12 For as the body is one and has many members, but all the members of that one body, being many, are one body, so also is Christ.
13 For by one Spirit we were all baptized into one body -- whether Jews or Greeks, whether slaves or free -- and have all been made to drink into one Spirit.
27 Now you are the body of Christ, and members individually.
The first thing I notice here is a distinction between the concept of the Church as the Body of Christ, and socialism. In socialism, marxism, and the inevidable communism they eventually bring, the individual disappears and is replaced by the collective. You no longer have the right to work hard and build up a fortune to save or spend as you choose. Instead, you work according to your ability and are paid according to your need.
But verse 12 says that we are one body, and yet we are many. And verse 27 says even more clearly, "Now you are the body of Christ, and members individually."
The story of Ananias and Sapphira points this out even more clearly. Ananias and Sapphira were killed by God for lying to the Holy Spirit. This seems tough, but it sparked a revival of repentance which resulted in an amazing move of God.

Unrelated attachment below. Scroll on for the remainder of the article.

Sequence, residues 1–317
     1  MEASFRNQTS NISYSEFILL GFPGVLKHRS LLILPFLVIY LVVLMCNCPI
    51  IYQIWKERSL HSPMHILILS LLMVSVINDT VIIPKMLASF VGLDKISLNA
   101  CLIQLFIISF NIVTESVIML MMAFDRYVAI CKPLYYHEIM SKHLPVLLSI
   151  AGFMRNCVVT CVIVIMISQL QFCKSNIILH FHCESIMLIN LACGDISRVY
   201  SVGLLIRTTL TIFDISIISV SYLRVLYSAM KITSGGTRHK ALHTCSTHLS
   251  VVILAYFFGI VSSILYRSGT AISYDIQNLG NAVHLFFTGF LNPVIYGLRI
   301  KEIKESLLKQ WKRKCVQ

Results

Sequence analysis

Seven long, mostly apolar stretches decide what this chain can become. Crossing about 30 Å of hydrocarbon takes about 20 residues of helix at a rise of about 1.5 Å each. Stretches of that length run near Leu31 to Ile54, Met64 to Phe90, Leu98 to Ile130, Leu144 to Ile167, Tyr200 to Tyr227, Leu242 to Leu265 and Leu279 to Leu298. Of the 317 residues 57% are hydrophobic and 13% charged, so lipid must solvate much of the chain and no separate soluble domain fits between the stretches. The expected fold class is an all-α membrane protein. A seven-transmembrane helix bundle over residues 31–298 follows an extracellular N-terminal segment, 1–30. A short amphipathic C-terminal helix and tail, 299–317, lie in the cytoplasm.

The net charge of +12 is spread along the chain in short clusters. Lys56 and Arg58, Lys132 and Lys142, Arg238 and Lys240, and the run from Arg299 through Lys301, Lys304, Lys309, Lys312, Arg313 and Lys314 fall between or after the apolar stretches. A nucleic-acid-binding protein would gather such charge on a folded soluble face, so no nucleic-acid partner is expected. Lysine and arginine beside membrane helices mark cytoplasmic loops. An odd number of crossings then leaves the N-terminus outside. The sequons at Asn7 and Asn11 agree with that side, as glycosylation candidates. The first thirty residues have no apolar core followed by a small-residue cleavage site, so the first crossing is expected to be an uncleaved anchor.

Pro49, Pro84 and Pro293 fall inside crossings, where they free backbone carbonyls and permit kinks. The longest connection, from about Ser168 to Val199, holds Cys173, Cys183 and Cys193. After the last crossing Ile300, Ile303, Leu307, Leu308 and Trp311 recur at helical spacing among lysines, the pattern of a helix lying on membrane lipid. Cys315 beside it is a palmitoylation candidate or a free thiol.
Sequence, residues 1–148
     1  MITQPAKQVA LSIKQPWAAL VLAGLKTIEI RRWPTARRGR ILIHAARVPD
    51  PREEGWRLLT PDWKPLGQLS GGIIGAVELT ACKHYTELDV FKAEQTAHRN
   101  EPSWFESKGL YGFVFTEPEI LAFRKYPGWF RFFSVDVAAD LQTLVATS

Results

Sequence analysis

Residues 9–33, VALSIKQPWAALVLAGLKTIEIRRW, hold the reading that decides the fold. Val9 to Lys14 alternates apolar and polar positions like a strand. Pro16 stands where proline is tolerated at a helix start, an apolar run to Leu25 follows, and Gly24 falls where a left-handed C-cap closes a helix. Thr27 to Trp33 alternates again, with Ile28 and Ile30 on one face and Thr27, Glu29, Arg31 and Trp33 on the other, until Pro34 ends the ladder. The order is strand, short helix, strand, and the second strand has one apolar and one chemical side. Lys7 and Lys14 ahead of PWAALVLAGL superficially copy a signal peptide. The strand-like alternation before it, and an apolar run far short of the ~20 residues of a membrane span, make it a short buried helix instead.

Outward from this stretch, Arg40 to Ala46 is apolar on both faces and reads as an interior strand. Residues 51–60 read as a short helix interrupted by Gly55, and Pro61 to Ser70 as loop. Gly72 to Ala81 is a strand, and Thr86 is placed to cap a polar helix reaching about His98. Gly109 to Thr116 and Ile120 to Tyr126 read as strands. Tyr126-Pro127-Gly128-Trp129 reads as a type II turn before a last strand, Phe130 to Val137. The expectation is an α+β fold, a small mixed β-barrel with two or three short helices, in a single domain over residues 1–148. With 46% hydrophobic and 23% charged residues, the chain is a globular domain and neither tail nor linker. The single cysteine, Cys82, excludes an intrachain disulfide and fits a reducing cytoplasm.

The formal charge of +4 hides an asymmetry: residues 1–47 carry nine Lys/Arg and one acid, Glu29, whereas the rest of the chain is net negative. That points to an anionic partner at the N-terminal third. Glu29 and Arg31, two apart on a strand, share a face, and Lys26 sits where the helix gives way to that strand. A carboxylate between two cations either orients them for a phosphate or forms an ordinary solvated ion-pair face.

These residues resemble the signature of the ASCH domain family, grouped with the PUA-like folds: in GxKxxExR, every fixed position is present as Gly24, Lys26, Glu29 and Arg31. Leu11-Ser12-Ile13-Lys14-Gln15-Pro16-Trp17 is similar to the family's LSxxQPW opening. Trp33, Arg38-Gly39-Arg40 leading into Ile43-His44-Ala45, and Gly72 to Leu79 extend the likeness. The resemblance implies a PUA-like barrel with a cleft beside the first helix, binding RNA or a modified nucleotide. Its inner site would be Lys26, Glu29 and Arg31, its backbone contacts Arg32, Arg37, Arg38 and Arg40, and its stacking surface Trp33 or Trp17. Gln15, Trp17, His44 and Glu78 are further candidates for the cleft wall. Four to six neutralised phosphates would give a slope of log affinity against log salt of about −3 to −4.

During that time in Church history, they had what some today would label a socialistic or even communistic Church society. The members of the Church would give all they had to the Church, and as a result there were no unmet needs.
But let's take a closer look at this story, paying attention to a vital distinction between the Bible's concept of the unit, and the world's.
This account is recorded in the book of Acts, chapter five, beginning with verse one.
1 But a certain man named Ananias, with Sapphira his wife, sold a possession.
2 And he kept back part of the proceeds, his wife also being aware of it, and brought a certain part and laid it at the apostles' feet.
3 But Peter said, "Ananias, why has Satan filled your heart to lie to the Holy Spirit and keep back part of the price of the land for yourself?
4 While it remained, was it not your own? And after it was sold, was it not in your own control? Why have you conceived this thing in your heart? You have not lied to men but to God."
5 Then Ananias, hearing these words, fell down and breathed his last. So great fear came upon all those who heard these things.
6 And the young men arose and wrapped him up, carried him out, and buried him.